Good parenting approaches can and should vary to suit the personalities and situations of a family. Some parents hand out smartphones and cash freely and give homework the lightest inspection; others restrict the use of electronics, assign chores without pay and go over schoolwork line by line.
When it comes to teen driving, however, given the awful risks involved, a structured and careful plan of training and education, overseen by one or more parents, is increasingly called for. With budget cuts, many localities have cut back or eliminated driver’s ed; and, it bears repeating, novice drivers end up in fatal accidents at twice the rate others do.
Graduated licensing programs — requiring teens to spend time practicing with a parent or other adult — have reduced the rate of fatal crashes among the least experienced drivers (16- and 17-year-olds) by 8-to-14%, the National Institutes of Health says. But states vary widely in approach: 70 hours of supervised driving (at least 10 at night) in Maine to no minimum in Arkansas.
Wherever you live, you can build your own program to protect your teen.
Set a good example. What you do can mean more to your teen than what you say; 41% of young drivers say their parents demonstrate unsafe driving behaviors, such as texting while driving, even after their teens ask them to stop, according to a survey by Mutual Liberty and Students Against Drunk Driving.
“From infancy on, they’re learning from you,” said Ryan Pietszch, a program technical consultant for driver safety at the National Safety Council. “If you’re yelling at other drivers, if you’re flipping the bird, or texting, or drinking coffee while driving, guess what? That’s what you’re teaching your children to do.”
“If you put your seatbelt on before you start the vehicle, you’re modeling that,” Pietzsch said. “If you force them to put their seatbelt on before you move the vehicle, also modeling.”
Show and tell. Even before your teen gets a learner’s permit, practice “commentary driving.” When you drive with your teen in the car, note each driving decision you make as you make it — such as how closely to follow the car ahead of you, what you look out for when making a turn, how fast you drive, or when you choose to pass a cyclist — and explain why you made it.
“Being able to break down your decision making is really important,” said Dr. Flaura Winston, founder and scientific director of the Center for Injury Research and Prevention at Children’s Hospital of Philadelphia. Focus on the factors most responsible for collisions involving teens: driving too fast, following too closely, responding too slowly to hazards, and being distracted.
Establish rules. Set explicit boundaries for behavior behind the wheel: Do not drink and drive, do not use a cell phone (hands free or otherwise) while driving, do not speed, do not drive late at night or if you are tired, do not hesitate to call home if you feel it is unsafe to drive, carry only one passenger — or none — and use your seat belt every time you are in a car. The National Safety Council has many other ideas.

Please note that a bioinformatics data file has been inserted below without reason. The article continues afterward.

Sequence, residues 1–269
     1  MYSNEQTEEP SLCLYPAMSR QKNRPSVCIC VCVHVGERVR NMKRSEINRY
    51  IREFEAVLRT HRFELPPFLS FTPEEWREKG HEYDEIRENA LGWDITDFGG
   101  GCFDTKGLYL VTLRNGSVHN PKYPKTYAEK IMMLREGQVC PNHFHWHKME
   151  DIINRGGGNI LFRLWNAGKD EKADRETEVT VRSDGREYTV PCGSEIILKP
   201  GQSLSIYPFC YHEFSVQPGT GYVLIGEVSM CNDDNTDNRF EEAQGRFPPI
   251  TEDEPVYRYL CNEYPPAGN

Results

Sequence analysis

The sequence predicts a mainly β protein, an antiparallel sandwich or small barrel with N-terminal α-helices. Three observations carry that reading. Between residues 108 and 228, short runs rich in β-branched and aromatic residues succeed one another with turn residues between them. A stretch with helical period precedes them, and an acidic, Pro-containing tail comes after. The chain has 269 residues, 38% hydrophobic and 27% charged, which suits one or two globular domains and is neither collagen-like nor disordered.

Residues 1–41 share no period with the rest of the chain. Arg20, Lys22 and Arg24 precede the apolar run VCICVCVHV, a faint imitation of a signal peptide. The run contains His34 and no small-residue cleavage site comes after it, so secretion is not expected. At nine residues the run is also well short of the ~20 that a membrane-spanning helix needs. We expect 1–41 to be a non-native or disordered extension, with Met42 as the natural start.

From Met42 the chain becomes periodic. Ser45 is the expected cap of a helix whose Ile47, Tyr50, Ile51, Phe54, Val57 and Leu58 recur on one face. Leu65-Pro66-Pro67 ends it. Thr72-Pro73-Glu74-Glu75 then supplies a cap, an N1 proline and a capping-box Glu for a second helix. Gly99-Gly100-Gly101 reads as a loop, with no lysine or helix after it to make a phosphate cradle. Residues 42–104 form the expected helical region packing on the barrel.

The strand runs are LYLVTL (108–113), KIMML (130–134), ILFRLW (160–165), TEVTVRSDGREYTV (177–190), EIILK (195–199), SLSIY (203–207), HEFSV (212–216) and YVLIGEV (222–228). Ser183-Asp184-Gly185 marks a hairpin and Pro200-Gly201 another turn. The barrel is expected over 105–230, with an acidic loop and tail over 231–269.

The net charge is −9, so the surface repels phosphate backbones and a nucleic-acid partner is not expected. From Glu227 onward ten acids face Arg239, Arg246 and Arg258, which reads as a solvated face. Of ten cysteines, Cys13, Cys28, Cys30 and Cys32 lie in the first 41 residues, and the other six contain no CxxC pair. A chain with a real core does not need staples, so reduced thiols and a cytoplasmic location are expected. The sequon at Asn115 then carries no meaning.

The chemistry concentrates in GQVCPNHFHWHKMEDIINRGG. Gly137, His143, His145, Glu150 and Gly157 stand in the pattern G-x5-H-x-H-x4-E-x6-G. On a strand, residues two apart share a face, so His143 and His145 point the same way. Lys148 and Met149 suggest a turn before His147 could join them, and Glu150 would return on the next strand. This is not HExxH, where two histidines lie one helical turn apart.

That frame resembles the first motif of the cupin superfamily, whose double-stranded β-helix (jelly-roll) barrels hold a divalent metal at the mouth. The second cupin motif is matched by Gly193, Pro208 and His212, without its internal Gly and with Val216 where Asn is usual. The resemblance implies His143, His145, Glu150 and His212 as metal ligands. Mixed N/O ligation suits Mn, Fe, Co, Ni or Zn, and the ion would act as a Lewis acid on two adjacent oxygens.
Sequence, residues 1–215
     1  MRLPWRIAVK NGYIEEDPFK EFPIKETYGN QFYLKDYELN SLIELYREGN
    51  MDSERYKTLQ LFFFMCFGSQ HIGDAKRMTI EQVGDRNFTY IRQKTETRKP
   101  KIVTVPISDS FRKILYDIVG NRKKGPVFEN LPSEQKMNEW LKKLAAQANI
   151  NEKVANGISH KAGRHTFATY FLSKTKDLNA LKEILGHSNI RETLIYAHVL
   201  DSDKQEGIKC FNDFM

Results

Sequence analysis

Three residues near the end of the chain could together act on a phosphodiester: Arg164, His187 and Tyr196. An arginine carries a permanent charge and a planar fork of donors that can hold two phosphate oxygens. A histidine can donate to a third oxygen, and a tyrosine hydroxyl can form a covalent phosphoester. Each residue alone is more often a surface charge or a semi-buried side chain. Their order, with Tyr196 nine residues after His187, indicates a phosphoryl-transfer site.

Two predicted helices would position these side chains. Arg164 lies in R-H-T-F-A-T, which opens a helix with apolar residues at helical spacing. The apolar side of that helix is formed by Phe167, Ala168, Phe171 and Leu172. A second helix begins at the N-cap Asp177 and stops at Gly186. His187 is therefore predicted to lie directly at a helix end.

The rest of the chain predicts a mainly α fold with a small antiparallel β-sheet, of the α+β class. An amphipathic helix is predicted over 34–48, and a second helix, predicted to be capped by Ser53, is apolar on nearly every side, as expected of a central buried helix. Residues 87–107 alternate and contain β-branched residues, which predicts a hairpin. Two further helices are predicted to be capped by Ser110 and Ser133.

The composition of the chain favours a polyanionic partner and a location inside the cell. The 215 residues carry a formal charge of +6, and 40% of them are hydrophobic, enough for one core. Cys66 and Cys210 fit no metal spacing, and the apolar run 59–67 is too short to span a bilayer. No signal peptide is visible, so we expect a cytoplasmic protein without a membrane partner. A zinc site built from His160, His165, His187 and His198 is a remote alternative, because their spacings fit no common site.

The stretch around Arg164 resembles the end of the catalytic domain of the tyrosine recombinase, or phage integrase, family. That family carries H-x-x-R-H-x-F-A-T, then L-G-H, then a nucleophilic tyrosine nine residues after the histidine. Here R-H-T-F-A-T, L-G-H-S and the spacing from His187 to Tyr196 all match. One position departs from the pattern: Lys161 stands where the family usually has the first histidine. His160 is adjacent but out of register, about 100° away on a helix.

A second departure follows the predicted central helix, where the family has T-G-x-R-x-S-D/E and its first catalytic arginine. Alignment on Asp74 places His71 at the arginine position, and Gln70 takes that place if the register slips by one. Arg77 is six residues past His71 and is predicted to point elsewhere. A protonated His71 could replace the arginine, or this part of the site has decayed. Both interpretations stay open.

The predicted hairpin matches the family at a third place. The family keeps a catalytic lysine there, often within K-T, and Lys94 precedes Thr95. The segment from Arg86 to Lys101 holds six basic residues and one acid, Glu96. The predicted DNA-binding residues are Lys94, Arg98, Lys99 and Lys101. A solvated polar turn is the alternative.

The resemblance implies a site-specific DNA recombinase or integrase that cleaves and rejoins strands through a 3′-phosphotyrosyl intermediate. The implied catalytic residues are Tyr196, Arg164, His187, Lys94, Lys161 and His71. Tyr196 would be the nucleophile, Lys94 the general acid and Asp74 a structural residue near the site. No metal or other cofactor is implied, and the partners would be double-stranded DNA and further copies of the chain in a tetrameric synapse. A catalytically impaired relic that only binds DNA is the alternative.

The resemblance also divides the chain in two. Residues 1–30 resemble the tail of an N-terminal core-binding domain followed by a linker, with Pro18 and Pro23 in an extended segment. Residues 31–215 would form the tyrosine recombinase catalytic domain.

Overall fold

Get it in writing. Reduce the opportunity for misunderstandings and forgetfulness by drafting a parent-teen contract listing the rules. The Centers for Disease Control and American Academy of Pediatrics have posted sample contracts online.
Display a copy of the contract wherever your family puts its car keys. Some families write contracts that explicitly state the consequences for breaking a rule. It could be a brief driving ban or added chores around the house.
Keep a record. When teens start driving without a parent, have them log the time they leave and return, where they went, their routes and any surprises or difficulties encountered. This helps make sure your teens experience a range of driving and parking situations, and the notes may prompt useful discussion.
Tallying hours on the road also makes it easy to be sure teens have enough experience to qualify for an intermediate or full driver’s license. The Children’s Hospital of Philadelphia has a sample log page on its Teen Driving Plan website.
Watch the weather. Driving in a blizzard or heavy rainstorm may overtax the skills of novice drivers. Icy roads can be particularly treacherous. Teens need experience driving in bad weather, even after they get a license, and parents need to make sure new motorists appreciate the risks and understand how to address them.
“If your teen learns to drive in the summer, there’s no harm at all in doing practice-driving in the winter,” Winston said. “You don’t want your teen to deal with something they haven’t practiced with you in the car.”
Talk at home. Young people start driving before their brains are fully developed, leading some to misjudge or overlook risk. Informal conversations about safe driving, personal responsibility, and the consequences of distracted driving or reckless behavior can help to take some of the air out of your new driver’s inflated sense of invulnerability.
A video by the Children’s Hospital of Philadelphia offers tips on how to make sure your talks are productive.
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